I’ve made no secret of my love of the PC game Mount & Blade: Warband. For the uninitiated, TaleWorlds Interactive built an open world for the player to recruit, equip and train his own warband and travel across the land looking for trouble. Play is split between the realistic and real-time action of first-person medieval warfare and the strategic view of a fictional landscape populated with towns, cities and castles. Published last year by Paradox Interactive, Warband was a surprise hit for the Turkish game developer TaleWorlds, with fans across the globe contributing to over 650k in total sales for the franchise. So it didn’t take a genius to guess that one of the “unannounced” projects that we were set to learn more about from Paradox last week was going to be from TaleWorlds. That secret project is the “standalone expansion” Mount & Blade: With Fire and Sword, and it represents the next step in warfare technology.
Yes, this is your boomstick. The deep bass boom of a musket firing, aimed at a rider speeding towards you and watching your opponent’s body crumple, is way more satisfying than it should be. But what was the inspiration to take one of the best medieval combat simulators on the market and potentially muddy it with guns?
“The 17th Century is a really cool period in history, because gunpowder is coming up in use and power and you get to see things like early hand-grenades, muskets and pistols,” said Mikail Yazbeck, designer for TaleWorlds and producer of With Fire & Sword. The guns and grenades actually make for an interesting contrast between the swords, bows, and horsemen of the older times. “People want this new technology versus old technology struggle.”
The concept of gunpowder in the Warband engine actually was one of the first things that fans of the game modded into the setting, so Yazbeck took that as a vote of confidence. “Fans made mods to put guns in the game early on, so we knew that they wanted to see some sort of setting that had that gameplay style,” Yazbeck said. “What they’re modding can be seen as a wishlist sometimes. If we think that it’s [a feature] worth doing, then we consider [adding] it.”
The historical setting is a departure for the series. The title With Fire and Sword comes from a Polish historical novel published in 1884, written by Henryk Sienkiewicz, about the era in northwestern Europe when muskets began to be used. In the game, you can fight as one of five factions: the Polish, the Cossacks (from the Ukraine), Russians from Moscow, the Swedes and the Crimeans. Each will have their strengths and weaknesses; the Russians will be an “easier” faction to control while if you want a challenge, controlling the Poles might be more up your alley.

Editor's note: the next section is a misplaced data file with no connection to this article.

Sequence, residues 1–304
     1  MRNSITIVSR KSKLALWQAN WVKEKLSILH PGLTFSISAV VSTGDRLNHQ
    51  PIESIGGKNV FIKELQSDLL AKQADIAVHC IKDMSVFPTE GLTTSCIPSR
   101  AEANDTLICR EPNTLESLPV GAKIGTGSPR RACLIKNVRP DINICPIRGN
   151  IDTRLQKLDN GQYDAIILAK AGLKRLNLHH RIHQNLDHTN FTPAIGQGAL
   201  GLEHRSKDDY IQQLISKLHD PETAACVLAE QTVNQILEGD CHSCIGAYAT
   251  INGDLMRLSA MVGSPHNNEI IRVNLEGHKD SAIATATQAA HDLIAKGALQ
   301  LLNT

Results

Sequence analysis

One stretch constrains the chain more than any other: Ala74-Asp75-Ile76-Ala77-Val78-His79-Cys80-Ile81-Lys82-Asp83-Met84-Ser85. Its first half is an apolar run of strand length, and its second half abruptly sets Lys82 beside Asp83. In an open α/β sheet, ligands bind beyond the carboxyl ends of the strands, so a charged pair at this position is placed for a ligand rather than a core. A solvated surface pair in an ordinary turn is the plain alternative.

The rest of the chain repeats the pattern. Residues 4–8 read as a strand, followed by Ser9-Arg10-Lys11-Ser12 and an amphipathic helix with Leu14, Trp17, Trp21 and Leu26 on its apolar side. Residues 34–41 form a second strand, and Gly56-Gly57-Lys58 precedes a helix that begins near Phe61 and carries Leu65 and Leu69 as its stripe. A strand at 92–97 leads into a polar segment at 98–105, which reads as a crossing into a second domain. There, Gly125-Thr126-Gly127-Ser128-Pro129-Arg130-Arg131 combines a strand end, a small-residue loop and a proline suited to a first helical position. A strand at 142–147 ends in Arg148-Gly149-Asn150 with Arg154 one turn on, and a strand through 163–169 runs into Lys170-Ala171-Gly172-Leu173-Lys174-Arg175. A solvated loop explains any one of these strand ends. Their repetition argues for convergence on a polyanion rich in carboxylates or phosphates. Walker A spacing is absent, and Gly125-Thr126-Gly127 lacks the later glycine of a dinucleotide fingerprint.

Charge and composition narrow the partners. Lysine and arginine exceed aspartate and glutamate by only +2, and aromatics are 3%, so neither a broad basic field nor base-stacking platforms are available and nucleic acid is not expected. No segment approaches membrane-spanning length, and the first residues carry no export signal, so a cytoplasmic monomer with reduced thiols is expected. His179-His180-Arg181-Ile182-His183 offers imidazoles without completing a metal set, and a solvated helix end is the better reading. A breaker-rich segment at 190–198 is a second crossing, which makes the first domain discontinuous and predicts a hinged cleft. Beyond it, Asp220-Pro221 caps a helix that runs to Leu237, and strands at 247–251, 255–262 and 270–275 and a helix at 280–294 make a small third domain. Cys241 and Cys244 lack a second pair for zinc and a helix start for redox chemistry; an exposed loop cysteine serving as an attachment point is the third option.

While some (myself included) might miss the fictional setting of Calradia, it seems that the community responds the most to the real-world accuracy of Warband. To that end, Yazbeck is busy adding features to the strategic level of play that will make With Fire and Sword seem more realistic. Instead of villages and towns just being places you go to “beg for babies” as what Yazbeck called recruiting soldiers, there will be structures you can build such as universities, smithies and even banks. Banks will be able to issue loans, which will come in handy for those who play the game as a complex economic sim. Don’t welch on those loans though, the banks will post bounties on the heads of people who don’t pay them back.
One of the problems that Warband had is that if you got attacked while traveling, there was very little you could do defensively. In With Fire and Sword, Yazbeck’s answer to that is protected caravans, which surround your camp with a rectangle of wagons. Sure, marauders on foot can still “hop the fence,” but it prevents cavalry from being overpowered. The mechanics of a siege on a castle will also provide more options than just storming over the wall. You can play out your dastardly fantasies by bribing a guard to let you in or poison the water supply. Failing that, a few mines will blow a hole in the wall that your forces can storm through.
What about the guns being overpowered? Will a force armed only with swords, axes and bows be quickly decimated? Not exactly. Firearms are definitely more powerful than standard weaponry, but they are limited in With Fire and Sword with a very slow reload time and crappy aim. So, if you’re lucky, you can get a shot off at a charging knight in full armor, but if you miss, then his sword is still going to take your head off before you can reload. As well, a skilled marksman with a bow is going to hit his mark way more than an equally skilled guy with a pistol. As with all things in war, using guns is a tradeoff.
As I was getting the demonstration of the game from Yazbeck and trying my own hand at shooting some Cossacks, the CEO of Paradox Interactive, Fredrik Wester, walked by and asked a very important question: “When are you going to add a ‘loot all’ button?” Wester admitted that he loved Warband, but he complained that not being able to just take all of the loot from a defeated force with a single mouse click is frustrating, with which I heartily agree.
Yazbeck assured both me and Fred that the team is working on fixing that, and many of the other nagging oversights in the game’s interface. It won’t be a complete overhaul to the game engine, he’s saving that for the inevitable sequel, but With Fire & Sword should be a much better game.
So wait, Yazbeck and the rest of the team at TaleWorlds is working on a true sequel to Mount & Blade: Warband? Well, yeah, duh. As Yazbeck pointed out, all you have to do is look at his Facebook page and read what he’s working on under his employer info: “Currently designing Project Obvious: the sequel, exciting!”
Yep, once you think about it, it is pretty obvious.